Folk tales give insight into the morals and values of a society and they also enable us to study the attitudes of a particular culture with regard to nature. There are many forms of folk tales which can include myths, tall tales, trickster tales, legends, and fables. For the purpose of this study, students will examine all types of tales in an effort to better understand the relationships between humans and animals. In many folk tales, animals are the only characters or they play large roles.
Students can read "Who's Afraid of Nice Old Wolf" to get a better understanding of the ways animals may not have been accurately portrayed in tales. It will also be interesting for students to see how one culture may value an animal and another find the same animal a revolting beast.
Standards for the English Language Arts
Sponsored by NCTE and IRA
1. Students read a wide range of print and non-print texts to build an understanding of texts, of themselves, and of the cultures of the United States and the world; to acquire new information; to respond to the needs and demands of society and the workplace; and for personal fulfillment. Among these texts are fiction and nonfiction, classic and contemporary works.
2. Students read a wide range of literature from many periods in many genres to build an understanding of the many dimensions (e.g., philosophical, ethical, aesthetic) of human experience.
3. Students apply a wide range of strategies to comprehend, interpret, evaluate, and appreciate texts. They draw on their prior experience, their interactions with other readers and writers, their knowledge of word meaning and of other texts, their word identification strategies, and their understanding of textual features (e.g., sound- letter correspondence, sentence structure, context, graphics).
9. Students develop an understanding of and respect for diversity in language use, patterns, and dialects across cultures, ethnic groups, geographic regions, and social roles.
A collection of myths, fables, tall tales, legends, and trickster tales from many cultures. The following web sites may help teachers locate appropriate tales:
- Encyclopedia Mythica
- De ep in the Bush, Where People Rarely Ever Go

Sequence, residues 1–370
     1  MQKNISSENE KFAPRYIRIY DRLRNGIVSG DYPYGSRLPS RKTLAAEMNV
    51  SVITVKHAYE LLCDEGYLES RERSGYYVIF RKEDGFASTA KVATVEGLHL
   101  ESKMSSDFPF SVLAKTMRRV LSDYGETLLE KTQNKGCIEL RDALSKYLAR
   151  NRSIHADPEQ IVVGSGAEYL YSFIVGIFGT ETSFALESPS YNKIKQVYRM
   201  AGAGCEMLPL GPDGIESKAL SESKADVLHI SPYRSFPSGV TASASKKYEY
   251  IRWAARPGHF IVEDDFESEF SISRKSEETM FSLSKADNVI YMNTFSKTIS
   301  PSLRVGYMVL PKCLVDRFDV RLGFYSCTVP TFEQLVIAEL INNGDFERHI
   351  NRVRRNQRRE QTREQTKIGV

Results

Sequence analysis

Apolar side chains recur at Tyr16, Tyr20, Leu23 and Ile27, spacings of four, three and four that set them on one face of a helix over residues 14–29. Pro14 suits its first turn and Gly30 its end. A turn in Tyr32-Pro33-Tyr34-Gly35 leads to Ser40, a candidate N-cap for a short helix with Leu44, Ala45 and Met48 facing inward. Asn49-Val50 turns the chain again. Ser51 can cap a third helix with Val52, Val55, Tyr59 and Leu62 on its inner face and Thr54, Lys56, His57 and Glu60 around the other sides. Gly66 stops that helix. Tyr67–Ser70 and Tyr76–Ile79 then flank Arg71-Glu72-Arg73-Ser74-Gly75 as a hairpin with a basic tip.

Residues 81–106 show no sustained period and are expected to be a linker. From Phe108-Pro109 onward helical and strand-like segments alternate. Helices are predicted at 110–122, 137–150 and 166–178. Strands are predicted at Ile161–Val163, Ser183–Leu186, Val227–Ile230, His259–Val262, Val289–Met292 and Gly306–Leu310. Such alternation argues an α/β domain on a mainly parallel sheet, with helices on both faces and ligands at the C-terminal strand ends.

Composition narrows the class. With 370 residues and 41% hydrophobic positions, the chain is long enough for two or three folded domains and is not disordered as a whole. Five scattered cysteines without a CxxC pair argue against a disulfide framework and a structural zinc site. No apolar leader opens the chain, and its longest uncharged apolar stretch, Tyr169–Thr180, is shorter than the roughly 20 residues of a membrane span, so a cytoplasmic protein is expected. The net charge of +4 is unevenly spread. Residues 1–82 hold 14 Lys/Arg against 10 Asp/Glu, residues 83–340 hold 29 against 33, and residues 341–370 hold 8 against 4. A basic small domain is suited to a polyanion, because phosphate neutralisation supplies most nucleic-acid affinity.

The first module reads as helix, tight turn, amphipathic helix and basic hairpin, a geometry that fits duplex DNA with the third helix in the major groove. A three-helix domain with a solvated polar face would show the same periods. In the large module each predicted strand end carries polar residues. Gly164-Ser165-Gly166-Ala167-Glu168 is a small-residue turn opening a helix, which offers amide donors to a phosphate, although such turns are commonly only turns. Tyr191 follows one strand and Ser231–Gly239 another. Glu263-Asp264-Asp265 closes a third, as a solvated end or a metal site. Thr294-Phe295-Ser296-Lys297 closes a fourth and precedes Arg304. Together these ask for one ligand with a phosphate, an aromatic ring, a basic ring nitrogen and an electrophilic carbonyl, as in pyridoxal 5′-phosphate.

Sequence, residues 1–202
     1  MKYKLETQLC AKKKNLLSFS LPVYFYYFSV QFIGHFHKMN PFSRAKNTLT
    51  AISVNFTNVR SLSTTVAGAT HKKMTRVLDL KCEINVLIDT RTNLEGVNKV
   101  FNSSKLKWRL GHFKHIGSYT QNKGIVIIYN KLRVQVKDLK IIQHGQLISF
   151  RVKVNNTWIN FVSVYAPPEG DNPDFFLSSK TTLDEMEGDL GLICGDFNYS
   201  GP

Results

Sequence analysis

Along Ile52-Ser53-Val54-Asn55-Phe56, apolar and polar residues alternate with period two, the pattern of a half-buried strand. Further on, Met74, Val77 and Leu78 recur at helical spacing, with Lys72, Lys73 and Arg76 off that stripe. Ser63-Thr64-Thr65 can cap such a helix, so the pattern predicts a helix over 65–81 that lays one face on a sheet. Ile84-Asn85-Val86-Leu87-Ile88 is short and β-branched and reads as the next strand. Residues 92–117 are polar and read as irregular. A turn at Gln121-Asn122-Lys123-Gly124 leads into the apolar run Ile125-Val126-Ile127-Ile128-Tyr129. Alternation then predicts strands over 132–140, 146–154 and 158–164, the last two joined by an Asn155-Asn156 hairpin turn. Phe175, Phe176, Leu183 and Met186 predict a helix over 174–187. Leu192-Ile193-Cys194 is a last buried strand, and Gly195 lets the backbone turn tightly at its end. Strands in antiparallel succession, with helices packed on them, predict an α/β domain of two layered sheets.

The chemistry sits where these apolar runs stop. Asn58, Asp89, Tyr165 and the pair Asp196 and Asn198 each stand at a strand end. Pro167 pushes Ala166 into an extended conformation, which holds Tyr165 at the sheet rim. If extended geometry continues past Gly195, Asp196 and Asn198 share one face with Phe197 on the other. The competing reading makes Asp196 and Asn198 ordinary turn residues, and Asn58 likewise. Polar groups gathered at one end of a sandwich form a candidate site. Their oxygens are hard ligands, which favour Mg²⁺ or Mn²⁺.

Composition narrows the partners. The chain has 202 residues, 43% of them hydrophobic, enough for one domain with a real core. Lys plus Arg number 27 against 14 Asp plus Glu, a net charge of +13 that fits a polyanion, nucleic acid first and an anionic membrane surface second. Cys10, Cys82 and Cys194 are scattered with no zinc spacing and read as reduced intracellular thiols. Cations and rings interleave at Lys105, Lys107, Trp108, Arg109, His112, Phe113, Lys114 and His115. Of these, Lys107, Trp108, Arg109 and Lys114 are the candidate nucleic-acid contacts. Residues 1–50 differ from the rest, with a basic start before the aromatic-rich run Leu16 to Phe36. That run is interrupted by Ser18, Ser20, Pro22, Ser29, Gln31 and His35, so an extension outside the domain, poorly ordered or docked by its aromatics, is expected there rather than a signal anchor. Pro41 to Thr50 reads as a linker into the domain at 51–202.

- American Folklore
- Animals, Myths and Legends
- National Geographic Grimm's Fairy Tales
- Hans Christian Anderson Fairy Tales and Stories
- Grimm's Fairy Tales
- Scholastic Myths, Folktales and Fairy Tales
- Fairy Tales from Around the World
Writing materials - pens, pencils, paper, computer
- First, students will need to read selected tales and answer the following questions:
- What type of animal is the main character or the "star" of the tale?
- Which animal is the villain?
- What kind of values are emphasized?
- Why does one animal win and another lose?
- What lesson is learned?
- Does the setting create conflict for the characters?
- Are there any humans in the tale?
- How do they interact with the animals in the tale?
- Do the animals talk?
- What is the main conflict of the tale and how is it resolved?
- Do you think this tale accurately reflects the characteristics of the "star" animal?
- Students can also complete a Character Development Chart to help them explore how the author of the tale creates the character. This chart asks students to examine the main character by describing how the character looks, acts, and speaks. Students also record the actions of the character and what other animals/characters say about the "star" animal.
- Students can then look at the virtual field trips on Field Trip Earth to gather information about an animal. They should write two to three tales about the same animal. The tales should take the form of a myth, fable, legend, tall tale, or a trickster tale. Please see the Descriptive Writing Strategy for more information and ideas.
- Once the tales are complete, an oral storytelling event can be held to share the tales.
- Puppet shows
- Socratic Seminars or Literature Circles - Students can analyze several tales and discuss their findings with peers.
- Comparative Analysis - Students write an analysis of two tales.
- Character Development Charts can be assessed for students' knowledge of the tale and an author's method of characterization.
- Rubrics used to evaluate written products can be created at www.rubistar.4teachers.org.
- Investigate author's purpose for writing
- Participate in oral tradition
- Read for pleasure
- Read critically
Author: Isenhour, Kim